The ballet is also connected to Ratmansky’s thinly disguised attacks on tyrannical artistic suppression: Odessa is on the same thematic plane as his Shostakovich Trilogy, with that set of dances on one end (the intent of which is crystal clear) and Pictures at an Exhibition on another, which I also saw, in part, as a commentary on artistic repression (of Russian-born artist Wassily Kandinsky…who, as it happens, grew up in Odessa). Indeed, Babel himself was tortured, executed, and thrown into a communal grave during Stalin’s Great Purge: yet another artist, like Shostakovich, who suffered under Stalinist tyranny.
But Ratmansky is also skilled at giving specific subjects universal applicability (as does Desyatnikov – for example, his composition also includes notes of tango). The ballet speaks of an underbelly of urban life in general – the poisoning of individuals (particularly women) who become victims, knowing or not, of the criminal element that dictates to them, of men who get involved and try to (or dream of trying to) rescue them, and of a pervasive sense of decadence, decay, and despair – as if the Odessan civilization, at least this corner of it, is in the ‘sunset’ of its existence. The sense one gets through the ambiance Ratmansky creates is the same as one might see in evocations of Havana nightclubs as Castro closes in, Berlin nightclubs as the Weimar Republic disintegrates, the Atlantic City depicted in Boardwalk Empire, the Miami of Magic City, the Las Vegas of Bugsy Siegel and Meyer Lansky, and even Vienna before the fall of the Hapsburg dynasty (the dynamite costumes by Keso Dekker include, as I see them, multicolored, liquidly mosaic dresses for the lead women evocative of Gustav Klimt, with something of a Byzantine twist).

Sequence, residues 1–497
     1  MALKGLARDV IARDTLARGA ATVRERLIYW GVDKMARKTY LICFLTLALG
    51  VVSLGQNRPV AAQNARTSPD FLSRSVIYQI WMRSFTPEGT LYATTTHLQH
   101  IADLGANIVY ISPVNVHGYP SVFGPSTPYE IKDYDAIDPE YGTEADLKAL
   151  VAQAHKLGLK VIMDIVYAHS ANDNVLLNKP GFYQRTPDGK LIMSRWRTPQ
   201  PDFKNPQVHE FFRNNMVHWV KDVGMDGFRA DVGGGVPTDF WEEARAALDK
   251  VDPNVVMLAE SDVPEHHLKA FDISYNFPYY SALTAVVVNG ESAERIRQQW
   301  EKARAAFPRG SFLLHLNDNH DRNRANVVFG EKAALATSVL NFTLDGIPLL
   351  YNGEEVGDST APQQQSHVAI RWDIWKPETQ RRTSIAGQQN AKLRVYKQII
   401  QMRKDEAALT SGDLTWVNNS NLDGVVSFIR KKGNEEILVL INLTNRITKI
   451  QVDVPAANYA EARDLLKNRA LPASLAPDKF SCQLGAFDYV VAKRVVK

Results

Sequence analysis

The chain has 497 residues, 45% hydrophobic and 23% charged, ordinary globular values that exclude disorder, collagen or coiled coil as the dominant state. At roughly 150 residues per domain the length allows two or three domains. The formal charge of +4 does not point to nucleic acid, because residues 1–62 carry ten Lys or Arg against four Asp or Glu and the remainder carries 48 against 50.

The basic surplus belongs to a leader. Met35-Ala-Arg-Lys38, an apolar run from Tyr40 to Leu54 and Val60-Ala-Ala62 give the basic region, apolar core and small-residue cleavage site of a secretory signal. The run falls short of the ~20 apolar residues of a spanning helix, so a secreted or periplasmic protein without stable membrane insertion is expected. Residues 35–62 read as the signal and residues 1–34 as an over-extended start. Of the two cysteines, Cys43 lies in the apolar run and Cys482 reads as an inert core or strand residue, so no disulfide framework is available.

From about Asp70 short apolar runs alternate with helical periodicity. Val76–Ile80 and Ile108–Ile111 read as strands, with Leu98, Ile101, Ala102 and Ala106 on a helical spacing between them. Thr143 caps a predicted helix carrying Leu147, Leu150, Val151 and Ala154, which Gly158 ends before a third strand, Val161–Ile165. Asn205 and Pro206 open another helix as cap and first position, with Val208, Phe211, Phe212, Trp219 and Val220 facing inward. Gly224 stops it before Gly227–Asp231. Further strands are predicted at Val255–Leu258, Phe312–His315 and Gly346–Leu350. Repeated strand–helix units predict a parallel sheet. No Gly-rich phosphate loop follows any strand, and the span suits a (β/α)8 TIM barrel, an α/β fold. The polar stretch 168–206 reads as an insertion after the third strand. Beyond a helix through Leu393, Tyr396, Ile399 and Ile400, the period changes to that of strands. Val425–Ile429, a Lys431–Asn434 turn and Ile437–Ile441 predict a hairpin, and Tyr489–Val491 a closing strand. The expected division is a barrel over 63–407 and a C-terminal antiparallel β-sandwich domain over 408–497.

The atmosphere in Odessa is in every way as pervasive, and as real and “human,” as that in Russian Seasons, just different. The dancing, while not “country folk,” might be seen as a sort of “urban folk” dancing, one fully recognizable as such, again like Russian Seasons, independent of the ballet’s specific location and the same no matter the specific urban decaying culture. And although the characters have a thematic purpose, the sense of hopelessness in Odessa is seen reflected in, and transmitted by, real human faces. (I kept seeing the faces of the women in Tudor’s Jardin Aux Lilas, another story reflecting a sort of cultural decay, as Odessa progressed.)
I watched Odessa with my mouth agape. The ballet has no false moments, no superfluous or pedestrian choreography, and no moment of anything less than extraordinary execution by all involved. It’s as emotionally devastating a ballet as Russian Seasons is emotionally uplifting. The next time it returns to NYCB’s repertory, next season, it should not be missed.
The less said about the balance of the Spring Gala the better – except Harrison Ball’s noteworthy role debut in Peter Martins’s Jeu de Cartes should not be overlooked.
The “all Ratmansky” program finished with Namouna, a very different piece from either Russian Seasons or Odessa – a combination reimagining, homage of sorts, and send-up of classical ballet in general and Petipa in particular. I didn’t like it at all the previous times I saw it. But, as is often the case with Ratmansky, give it time and it grows. Now, well, I’m beginning to accept its intentional lack of focus and silliness. I’ll discuss it further on another occasion, but the highlights of this performance included Tyler Angle doing anything at all, the “smoking” divertissement (led by Ashley Bouder, but including much of the corps, all having a blast), and Hyltin who, with Angle, delivers one of Ratmansky’s most unexpectedly beautiful of pas de deux, one that suddenly makes completely unreal characters appear … human.
*Note – The phrase “Oh the humanity” in this review’s title has obvious reference to the “humanity” evident in Ratmansky’s ballets, but also is an homage to the news reporters who report what they see and what they know, sometimes at great risk, exemplified by Herbert Morrison’s iconic words as he reported the Hindenburg disaster on May 6, 1937.